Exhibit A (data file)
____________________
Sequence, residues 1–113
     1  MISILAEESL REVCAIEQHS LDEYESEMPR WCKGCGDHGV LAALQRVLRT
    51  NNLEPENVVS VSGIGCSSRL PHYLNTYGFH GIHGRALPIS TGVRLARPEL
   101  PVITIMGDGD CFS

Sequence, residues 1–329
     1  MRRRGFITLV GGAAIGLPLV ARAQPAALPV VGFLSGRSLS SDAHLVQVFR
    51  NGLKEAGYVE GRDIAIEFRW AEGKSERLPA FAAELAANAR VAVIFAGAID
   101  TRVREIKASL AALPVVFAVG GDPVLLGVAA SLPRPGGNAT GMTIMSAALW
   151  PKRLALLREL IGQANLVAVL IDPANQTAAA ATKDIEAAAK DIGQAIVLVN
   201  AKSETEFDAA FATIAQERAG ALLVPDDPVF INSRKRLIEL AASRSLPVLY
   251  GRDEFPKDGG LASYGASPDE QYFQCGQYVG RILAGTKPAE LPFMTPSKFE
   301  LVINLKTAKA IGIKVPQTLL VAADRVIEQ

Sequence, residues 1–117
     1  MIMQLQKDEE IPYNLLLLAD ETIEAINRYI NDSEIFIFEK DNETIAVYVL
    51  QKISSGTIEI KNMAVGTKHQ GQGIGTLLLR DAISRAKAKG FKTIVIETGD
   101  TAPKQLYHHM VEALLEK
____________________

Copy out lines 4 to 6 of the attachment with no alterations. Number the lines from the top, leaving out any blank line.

   101  PVITIMGDGD CFS

Sequence, residues 1–329
     1  MRRRGFITLV GGAAIGLPLV ARAQPAALPV VGFLSGRSLS SDAHLVQVFR